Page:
But here too we have televisual professionalim; the soloist is brought out into the aisle and I can't dispute that. The soloists are inviduals as well as sources of sound; they may be allowed their visible moments.

As a choirboy I have myself sung We praise Thee oh God to a different setting, of course. I wonder now about music's ability to absorb an otherwise clumsy word like "acknowledge".

I too am fascinated by the handbells. Even more so by the states of undress that are necessary; this surely is the moment of transition. I hope, for your sake, that the stupid dickey is pleasing to look at from a distance, that its stupidity is redeemed. That your arriving husband sees its effect rather than its artificiality. I don't want your contribution to be in any way minimised by something as ultimately unimportant as this. An unfortunate name, too, but perhaps it isn't official.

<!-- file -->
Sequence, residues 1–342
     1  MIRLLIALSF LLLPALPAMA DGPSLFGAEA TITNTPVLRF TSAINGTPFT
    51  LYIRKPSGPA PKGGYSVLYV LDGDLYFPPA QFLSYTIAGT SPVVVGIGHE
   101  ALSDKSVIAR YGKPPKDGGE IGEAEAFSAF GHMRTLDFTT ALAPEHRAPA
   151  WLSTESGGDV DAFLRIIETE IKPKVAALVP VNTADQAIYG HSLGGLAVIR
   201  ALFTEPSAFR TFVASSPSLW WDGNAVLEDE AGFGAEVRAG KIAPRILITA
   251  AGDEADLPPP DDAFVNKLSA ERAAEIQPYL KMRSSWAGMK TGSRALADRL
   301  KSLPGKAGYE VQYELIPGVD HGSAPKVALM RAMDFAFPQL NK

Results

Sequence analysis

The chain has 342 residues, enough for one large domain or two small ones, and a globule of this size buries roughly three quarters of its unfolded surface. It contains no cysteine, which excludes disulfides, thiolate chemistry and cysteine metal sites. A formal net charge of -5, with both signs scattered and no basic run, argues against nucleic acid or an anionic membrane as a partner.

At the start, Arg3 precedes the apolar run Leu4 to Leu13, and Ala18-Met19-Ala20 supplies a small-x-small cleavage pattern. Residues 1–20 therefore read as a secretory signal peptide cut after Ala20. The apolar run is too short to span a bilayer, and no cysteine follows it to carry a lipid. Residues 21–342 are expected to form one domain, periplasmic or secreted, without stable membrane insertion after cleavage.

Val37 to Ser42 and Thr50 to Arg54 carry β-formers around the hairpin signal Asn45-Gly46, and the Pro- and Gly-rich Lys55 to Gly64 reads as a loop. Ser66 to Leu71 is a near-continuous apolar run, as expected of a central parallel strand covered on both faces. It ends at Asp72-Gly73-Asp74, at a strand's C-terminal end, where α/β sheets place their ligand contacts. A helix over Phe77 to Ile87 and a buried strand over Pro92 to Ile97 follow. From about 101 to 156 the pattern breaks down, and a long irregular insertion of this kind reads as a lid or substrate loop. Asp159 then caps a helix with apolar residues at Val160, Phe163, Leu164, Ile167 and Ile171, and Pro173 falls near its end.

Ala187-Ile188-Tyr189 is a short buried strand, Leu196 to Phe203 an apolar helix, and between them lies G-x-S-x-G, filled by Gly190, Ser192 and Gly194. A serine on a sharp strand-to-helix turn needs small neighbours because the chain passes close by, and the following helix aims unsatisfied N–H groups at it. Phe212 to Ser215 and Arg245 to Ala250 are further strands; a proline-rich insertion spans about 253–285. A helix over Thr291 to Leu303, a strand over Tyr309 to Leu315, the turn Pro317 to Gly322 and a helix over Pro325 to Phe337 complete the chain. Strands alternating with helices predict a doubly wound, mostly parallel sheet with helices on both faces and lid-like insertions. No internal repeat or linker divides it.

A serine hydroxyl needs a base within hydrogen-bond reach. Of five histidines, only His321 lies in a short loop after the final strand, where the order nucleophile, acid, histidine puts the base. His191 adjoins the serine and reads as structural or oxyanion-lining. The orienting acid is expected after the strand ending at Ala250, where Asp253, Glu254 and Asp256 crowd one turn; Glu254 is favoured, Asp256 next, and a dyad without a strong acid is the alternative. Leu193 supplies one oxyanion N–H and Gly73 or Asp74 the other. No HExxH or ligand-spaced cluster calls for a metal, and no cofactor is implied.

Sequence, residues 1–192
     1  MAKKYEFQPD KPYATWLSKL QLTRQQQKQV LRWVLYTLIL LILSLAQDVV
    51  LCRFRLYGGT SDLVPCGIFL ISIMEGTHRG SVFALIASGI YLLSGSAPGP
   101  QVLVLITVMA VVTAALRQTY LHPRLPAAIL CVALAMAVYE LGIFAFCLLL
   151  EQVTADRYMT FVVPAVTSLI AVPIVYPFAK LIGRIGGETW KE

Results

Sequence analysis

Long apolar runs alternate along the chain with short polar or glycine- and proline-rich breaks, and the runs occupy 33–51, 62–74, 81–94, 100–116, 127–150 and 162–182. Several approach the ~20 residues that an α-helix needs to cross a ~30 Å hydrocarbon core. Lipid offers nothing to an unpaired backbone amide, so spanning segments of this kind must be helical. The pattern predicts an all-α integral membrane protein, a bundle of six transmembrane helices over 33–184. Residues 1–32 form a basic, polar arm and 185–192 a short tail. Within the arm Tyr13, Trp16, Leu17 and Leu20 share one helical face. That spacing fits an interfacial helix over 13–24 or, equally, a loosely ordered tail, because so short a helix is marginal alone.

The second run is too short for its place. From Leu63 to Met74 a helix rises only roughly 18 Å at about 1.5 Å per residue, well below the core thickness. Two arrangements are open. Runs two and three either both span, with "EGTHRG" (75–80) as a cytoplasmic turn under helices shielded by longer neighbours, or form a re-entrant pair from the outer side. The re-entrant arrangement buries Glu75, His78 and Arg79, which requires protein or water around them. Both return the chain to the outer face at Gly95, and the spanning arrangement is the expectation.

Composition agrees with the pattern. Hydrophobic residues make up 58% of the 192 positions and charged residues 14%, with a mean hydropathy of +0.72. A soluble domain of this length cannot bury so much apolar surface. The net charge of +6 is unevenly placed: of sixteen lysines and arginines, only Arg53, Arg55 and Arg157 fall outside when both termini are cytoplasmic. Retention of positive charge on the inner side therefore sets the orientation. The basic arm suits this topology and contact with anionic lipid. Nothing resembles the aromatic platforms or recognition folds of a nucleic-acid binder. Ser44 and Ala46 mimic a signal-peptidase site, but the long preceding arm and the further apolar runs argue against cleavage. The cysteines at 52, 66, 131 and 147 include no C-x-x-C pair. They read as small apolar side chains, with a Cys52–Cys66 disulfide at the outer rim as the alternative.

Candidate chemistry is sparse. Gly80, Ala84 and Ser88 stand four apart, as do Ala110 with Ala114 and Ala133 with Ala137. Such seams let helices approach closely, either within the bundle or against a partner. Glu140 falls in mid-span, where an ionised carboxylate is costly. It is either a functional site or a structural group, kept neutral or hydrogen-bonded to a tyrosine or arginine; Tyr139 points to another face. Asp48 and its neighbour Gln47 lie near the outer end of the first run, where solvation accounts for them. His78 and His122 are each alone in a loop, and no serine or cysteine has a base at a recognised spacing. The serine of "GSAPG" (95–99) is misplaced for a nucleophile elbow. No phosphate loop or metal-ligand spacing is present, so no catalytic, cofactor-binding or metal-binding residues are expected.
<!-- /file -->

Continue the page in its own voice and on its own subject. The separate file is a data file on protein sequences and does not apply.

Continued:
I understand your irreverence towards the costumes and find I'm hoping that everyone will fade into the background, there to benefit from the democracy of music. Though I sympathise with the need to deny paganism aloud, I find myself straining at this interpretation of ecumenicism.

The rest is your reflection and requires no elaboration from me. Thanks for taking time over this and for leading me all over the place. Perhaps this isn't the place to say the devil is in the detail but I'm sure you get my drift.